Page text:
Iowa’s Republican Governor Terry Branstad has recently said that the Republican Party of Iowa should consider doing away with the Iowa Straw Poll.The event is traditionally held the summer prior to the Iowa Caucuses on the campus of Iowa State University in Ames. It began as a way to show early strength ahead of Iowa’s first-in-the-nation January nominating contest, but it has instead become a kind of heyday for the politically impaired. Campaigns spend hundreds of thousands of-or in the case of Michelle Bachmann, a couple of million-dollars to try and get their supporters to the poll, wining and dining them and making sure they got the royal treatment so long as they got their votes in for the candidate. In Bachmann’s case, she literally “blew her wad” on the straw poll, banking that a strong showing there might catapult her to victory in January, giving her some momentum for later contests in Michigan, and Super Tuesday votes in Ohio and Tennessee. Bachmann finished first in Ames and last in Iowa, knocking out former Minnesota Governor Tim Pawlenty along the way. Not surprisingly, current Iowa Republican Chairman A. J. Spiker doesnt agree with those who want to scrap the famous (or infamous) straw poll-and he shouldn’t be expected to, since the event raises a massive amount of money for the Iowa GOP.
The trouble with the Iowa Straw Poll is that it takes place months before the caucus itself, and as with any straw poll, a small fraction of the people voting in the contest itself are voting in a straw poll-one that takes place four to five months before their precinct caucuses at the very least. Not only is the sampling less than scientific, but people can and do change their minds in that span of time. None of this is to say that straw polls are bad in and of themselves-they are not. Straw polls are some of the best fundraisers that a local party can have, and if they are held fairly close to the voting they can be a much more accurate measure of activist sentiment, and activists are who vote in primaries and caucuses. As an example, several Tennessee county Republican Parties held presidential straw polls at their Lincoln or Reagan Day Dinners in the days preceding Tennessee’s Republican Primary on Super Tuesday, March 6th, 2012. Most of these straw votes occurred within a week or two-or in one case within just days before-Primary Day itself. A lot of the participants had already voted early when they voted in the polls, and most of these gave straw poll victories to former Pennsylvania Senator Rick Santorum.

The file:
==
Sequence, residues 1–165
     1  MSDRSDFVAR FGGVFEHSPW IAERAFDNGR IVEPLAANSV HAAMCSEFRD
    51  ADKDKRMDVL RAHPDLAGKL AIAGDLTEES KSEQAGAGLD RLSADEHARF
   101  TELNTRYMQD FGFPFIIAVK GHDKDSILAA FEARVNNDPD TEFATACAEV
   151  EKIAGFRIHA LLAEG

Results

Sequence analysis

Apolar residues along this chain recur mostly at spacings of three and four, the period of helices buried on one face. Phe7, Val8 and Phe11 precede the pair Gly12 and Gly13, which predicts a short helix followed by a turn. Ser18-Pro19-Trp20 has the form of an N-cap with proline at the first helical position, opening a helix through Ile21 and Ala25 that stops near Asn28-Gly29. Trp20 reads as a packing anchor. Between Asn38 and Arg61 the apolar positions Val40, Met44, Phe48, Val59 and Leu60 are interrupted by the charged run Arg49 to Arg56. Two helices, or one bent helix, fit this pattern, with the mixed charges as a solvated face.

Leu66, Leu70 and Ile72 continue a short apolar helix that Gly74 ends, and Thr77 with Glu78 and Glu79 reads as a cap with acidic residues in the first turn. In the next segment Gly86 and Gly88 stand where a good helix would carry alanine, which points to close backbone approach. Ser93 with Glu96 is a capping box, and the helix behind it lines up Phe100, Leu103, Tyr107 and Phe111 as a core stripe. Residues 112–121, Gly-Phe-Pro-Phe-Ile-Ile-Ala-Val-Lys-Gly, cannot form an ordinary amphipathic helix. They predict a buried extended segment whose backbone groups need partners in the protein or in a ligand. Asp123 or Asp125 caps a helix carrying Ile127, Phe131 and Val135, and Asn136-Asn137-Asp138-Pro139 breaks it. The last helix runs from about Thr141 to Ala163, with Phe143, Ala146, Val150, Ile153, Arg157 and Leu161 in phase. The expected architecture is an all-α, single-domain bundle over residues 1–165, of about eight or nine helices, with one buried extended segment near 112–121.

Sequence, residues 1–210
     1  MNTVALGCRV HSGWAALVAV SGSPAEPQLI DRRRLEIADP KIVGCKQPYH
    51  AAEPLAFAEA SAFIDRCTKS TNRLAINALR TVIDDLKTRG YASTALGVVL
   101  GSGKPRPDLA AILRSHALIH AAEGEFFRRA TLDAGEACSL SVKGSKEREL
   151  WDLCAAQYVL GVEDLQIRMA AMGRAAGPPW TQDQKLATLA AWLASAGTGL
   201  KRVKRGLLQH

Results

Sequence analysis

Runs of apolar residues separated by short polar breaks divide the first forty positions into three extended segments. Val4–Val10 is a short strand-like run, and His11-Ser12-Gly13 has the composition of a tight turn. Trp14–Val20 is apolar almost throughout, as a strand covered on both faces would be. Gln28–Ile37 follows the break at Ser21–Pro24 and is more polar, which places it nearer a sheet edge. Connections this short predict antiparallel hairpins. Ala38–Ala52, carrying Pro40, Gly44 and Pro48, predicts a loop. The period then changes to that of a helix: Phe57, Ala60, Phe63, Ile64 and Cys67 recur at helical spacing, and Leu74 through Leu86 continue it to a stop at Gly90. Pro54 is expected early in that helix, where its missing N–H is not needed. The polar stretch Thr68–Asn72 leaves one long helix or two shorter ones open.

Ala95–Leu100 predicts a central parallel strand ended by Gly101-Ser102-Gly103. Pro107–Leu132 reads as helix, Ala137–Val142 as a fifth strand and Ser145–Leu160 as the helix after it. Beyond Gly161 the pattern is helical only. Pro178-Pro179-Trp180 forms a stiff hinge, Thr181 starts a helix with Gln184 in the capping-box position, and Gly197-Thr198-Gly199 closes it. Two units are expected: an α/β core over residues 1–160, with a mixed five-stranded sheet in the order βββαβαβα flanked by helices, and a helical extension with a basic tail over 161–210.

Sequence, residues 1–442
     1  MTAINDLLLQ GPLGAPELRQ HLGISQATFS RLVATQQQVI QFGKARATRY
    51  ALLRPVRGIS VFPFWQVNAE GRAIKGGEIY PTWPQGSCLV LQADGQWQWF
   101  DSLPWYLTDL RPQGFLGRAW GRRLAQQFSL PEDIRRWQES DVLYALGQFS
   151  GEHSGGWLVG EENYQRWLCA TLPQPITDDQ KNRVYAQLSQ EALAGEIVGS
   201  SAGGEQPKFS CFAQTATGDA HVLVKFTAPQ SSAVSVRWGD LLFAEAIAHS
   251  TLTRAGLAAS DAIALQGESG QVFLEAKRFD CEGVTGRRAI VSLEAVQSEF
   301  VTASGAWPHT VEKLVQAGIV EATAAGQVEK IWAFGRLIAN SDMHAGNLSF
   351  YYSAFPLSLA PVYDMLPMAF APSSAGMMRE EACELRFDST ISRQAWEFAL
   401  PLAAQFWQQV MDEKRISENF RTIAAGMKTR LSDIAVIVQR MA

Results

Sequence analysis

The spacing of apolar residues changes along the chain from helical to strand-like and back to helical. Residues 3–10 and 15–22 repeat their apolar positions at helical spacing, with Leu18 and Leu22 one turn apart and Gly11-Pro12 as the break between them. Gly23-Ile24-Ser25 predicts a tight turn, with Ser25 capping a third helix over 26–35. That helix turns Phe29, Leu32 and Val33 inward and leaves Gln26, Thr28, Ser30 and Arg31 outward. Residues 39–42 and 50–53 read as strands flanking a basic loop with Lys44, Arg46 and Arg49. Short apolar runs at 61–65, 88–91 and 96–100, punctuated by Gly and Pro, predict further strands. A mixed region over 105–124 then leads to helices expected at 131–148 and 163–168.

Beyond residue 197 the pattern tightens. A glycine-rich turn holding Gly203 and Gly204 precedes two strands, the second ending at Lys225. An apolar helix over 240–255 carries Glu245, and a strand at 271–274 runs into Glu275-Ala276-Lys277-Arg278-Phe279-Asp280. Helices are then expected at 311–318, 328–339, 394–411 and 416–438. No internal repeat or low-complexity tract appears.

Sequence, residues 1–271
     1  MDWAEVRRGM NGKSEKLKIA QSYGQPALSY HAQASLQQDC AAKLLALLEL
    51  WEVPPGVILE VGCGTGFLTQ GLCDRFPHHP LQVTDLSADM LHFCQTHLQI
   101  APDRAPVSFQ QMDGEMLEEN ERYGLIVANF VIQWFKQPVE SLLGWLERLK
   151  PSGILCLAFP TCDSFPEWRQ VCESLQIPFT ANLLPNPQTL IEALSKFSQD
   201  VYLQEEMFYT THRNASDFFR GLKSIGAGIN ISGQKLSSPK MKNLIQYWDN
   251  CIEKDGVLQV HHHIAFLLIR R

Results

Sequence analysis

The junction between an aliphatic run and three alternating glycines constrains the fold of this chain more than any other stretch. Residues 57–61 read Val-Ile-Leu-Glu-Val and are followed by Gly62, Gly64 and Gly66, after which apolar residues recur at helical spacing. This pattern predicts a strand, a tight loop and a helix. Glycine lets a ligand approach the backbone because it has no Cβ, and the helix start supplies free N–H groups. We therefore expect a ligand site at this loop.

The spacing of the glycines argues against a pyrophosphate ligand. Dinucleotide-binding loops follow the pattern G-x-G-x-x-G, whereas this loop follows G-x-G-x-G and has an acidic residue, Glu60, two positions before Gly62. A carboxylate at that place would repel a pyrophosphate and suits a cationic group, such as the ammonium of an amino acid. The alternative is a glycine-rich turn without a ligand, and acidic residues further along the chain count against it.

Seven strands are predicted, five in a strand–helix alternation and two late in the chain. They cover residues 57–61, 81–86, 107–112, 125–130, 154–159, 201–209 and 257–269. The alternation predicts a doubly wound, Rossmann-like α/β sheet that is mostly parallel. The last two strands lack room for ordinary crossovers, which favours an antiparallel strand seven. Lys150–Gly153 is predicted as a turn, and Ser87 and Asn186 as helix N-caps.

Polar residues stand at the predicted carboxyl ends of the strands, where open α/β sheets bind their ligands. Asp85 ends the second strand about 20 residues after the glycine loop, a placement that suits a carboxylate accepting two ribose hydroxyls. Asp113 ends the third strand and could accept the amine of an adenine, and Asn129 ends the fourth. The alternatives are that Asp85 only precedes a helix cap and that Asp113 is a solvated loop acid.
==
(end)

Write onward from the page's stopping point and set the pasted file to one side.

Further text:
Santorum won 91 of 95 Tennessee counties in the real Tennessee Primary. The candidates weren’t spending vast amounts of cash to get their folks to county straw polls or regional polls in Tennessee or many other Super Tuesday States because it was too close to the big day itself for them to spend time, money, and energy on straw polls. If people went to the trouble to come, pay, and vote, it was because they wanted to show support for their candidate, and because the real voting day wasn’t far off the straw polls turned out to be a harbinger of reality in many cases. The Iowa Straw Poll doesn’t work because it is too big, too far removed from voting day, and too much of a sideshow. Straw polls are fun and enjoyable exercises and fundraisers for local parties, but they are just that-fun. For them to really be something more than that they have to be local, close to voting day, and not too inflated by candidate cash. That isn’t the case in Iowa, which is why the Iowa Straw Poll is less a creative fundraiser for the Iowa GOP and more of a kind of political Circus Maximus.